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Limehouse

[lahym-hous] /ˈlaɪmˌhaʊs/
noun
1.
a dock district in the East End of London, England, once notorious for its squalor: formerly a Chinese quarter.
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Based on the Random House Dictionary, © Random House, Inc. 2015.
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Examples from the Web for Limehouse
Historical Examples
  • Unlike its sister colony in New York, there are no show places in Limehouse.

    Tales of Chinatown Sax Rohmer
  • At Limehouse Church the taxi stopped, and Peggy alighted and paid the man.

    The Golden Face William Le Queux
  • Kensington, Lambeth, and Limehouse, had appointed three Inspectors each.

    The Sanitary Evolution of London Henry Lorenzo Jephson
  • The number of the car was a spurious one, and was not traced beyond Limehouse.

    The Secret House Edgar Wallace
  • She found herself to be listening to the muted sounds of Limehouse and of the waterway which flowed so close beside her.

    Tales of Chinatown Sax Rohmer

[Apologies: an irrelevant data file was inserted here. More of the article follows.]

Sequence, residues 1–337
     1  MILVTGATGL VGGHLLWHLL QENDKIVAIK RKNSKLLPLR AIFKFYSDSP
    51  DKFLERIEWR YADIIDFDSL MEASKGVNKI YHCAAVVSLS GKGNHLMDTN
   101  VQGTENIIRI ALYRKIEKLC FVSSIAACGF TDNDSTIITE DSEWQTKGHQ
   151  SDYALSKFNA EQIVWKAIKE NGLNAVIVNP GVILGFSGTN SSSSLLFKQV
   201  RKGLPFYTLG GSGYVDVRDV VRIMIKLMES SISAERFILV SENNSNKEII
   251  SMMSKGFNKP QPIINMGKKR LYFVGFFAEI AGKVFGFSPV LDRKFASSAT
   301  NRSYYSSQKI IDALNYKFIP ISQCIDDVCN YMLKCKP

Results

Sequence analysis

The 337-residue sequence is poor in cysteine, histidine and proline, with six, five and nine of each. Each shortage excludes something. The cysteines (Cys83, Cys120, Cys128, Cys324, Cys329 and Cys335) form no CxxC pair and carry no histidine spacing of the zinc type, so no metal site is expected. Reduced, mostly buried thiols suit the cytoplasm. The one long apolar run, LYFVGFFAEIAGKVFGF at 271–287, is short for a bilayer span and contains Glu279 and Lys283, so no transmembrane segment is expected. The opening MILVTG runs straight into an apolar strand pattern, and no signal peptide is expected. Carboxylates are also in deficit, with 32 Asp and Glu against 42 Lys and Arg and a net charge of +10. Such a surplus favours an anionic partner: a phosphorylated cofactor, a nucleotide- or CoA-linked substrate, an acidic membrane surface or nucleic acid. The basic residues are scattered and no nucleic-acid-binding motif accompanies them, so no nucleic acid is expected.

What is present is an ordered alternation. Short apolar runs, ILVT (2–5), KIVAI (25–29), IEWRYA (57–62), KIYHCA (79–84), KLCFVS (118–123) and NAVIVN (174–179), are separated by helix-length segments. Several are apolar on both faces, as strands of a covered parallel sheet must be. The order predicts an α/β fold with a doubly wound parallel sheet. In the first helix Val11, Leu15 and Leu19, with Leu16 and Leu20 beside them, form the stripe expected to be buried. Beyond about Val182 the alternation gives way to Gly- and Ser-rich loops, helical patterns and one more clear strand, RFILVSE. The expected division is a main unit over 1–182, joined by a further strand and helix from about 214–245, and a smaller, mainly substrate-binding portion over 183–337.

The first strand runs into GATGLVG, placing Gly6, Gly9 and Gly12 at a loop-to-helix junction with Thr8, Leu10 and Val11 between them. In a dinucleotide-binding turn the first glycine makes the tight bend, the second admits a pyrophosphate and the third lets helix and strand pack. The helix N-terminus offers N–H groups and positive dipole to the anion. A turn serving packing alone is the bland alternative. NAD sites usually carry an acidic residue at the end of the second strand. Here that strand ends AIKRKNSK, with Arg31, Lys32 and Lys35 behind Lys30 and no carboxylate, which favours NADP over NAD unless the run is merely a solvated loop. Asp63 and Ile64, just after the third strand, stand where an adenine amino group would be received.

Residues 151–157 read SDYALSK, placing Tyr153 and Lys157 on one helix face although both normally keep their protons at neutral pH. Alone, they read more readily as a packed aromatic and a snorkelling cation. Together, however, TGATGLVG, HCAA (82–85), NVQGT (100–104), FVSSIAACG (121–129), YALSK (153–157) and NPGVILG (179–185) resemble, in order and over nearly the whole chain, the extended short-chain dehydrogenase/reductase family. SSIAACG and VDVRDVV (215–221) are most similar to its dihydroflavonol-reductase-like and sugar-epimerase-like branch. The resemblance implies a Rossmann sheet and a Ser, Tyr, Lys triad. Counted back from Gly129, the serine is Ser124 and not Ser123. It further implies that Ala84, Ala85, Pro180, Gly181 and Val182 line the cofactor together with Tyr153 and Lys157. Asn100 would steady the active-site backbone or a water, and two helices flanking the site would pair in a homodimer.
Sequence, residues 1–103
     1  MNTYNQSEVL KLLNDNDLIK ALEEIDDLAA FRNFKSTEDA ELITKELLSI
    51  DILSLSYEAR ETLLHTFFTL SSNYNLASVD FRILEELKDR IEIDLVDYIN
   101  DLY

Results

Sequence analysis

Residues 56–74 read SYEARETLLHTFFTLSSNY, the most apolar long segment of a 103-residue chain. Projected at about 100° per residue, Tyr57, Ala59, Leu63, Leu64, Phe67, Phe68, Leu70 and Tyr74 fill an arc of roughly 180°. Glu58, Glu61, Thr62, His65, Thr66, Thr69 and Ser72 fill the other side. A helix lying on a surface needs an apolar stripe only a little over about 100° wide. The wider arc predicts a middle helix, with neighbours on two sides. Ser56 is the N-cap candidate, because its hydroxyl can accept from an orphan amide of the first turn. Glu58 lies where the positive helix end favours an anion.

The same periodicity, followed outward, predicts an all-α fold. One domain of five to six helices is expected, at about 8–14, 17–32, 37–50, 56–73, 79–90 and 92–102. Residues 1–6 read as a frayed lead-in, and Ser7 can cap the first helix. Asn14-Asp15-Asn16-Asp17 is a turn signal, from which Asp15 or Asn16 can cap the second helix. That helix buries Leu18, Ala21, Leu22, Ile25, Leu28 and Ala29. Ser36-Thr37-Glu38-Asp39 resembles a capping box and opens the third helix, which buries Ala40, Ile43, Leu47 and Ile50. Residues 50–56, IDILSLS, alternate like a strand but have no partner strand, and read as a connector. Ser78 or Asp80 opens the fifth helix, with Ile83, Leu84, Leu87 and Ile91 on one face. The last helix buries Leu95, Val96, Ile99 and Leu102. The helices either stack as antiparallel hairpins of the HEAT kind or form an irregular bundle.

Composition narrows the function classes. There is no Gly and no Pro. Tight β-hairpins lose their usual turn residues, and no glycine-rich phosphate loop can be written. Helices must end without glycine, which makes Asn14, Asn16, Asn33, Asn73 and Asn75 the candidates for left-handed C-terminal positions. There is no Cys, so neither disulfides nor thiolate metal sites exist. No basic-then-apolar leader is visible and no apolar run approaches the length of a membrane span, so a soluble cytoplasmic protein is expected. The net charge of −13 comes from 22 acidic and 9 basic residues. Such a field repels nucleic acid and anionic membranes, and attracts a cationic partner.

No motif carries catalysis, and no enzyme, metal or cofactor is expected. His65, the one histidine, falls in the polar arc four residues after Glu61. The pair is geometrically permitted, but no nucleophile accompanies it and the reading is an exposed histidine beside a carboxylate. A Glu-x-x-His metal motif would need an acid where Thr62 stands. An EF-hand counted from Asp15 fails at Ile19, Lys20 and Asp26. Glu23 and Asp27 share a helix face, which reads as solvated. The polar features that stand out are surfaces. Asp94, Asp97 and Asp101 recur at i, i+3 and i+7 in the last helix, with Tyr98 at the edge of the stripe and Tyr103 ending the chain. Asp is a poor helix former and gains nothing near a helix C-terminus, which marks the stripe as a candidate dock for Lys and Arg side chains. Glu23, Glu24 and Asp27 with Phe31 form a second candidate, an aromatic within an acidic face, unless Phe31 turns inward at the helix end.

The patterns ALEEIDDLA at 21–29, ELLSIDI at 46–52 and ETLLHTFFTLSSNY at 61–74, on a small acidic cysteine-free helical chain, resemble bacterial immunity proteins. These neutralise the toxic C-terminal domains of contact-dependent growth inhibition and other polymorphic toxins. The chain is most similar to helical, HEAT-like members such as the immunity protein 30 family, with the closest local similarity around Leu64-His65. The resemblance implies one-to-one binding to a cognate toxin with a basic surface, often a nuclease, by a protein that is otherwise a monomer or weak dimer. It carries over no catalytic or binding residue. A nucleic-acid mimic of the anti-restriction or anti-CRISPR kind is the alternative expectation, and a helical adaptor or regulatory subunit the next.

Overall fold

• And the manners of Limehouse are certainly a lesson to Streatham Hill.

    Nights in London Thomas Burke
  • He had not returned; she had been to Limehouse police station to make inquiries, but could learn nothing of her husband.

    The Wharf by the Docks Florence Warden
  • We came at last to Limehouse, where she was to be dry-docked.

    A Tramp's Notebook Morley Roberts
  • Awake and sane beyond doubt, but surely moving, not in the purlieus of Limehouse, but in the fantastic realms of fairyland.

    The Devil Doctor Sax Rohmer
  • The curtain has risen on "Limehouse Nights," dramatised with the original cast.

    My Wonderful Visit Charlie Chaplin

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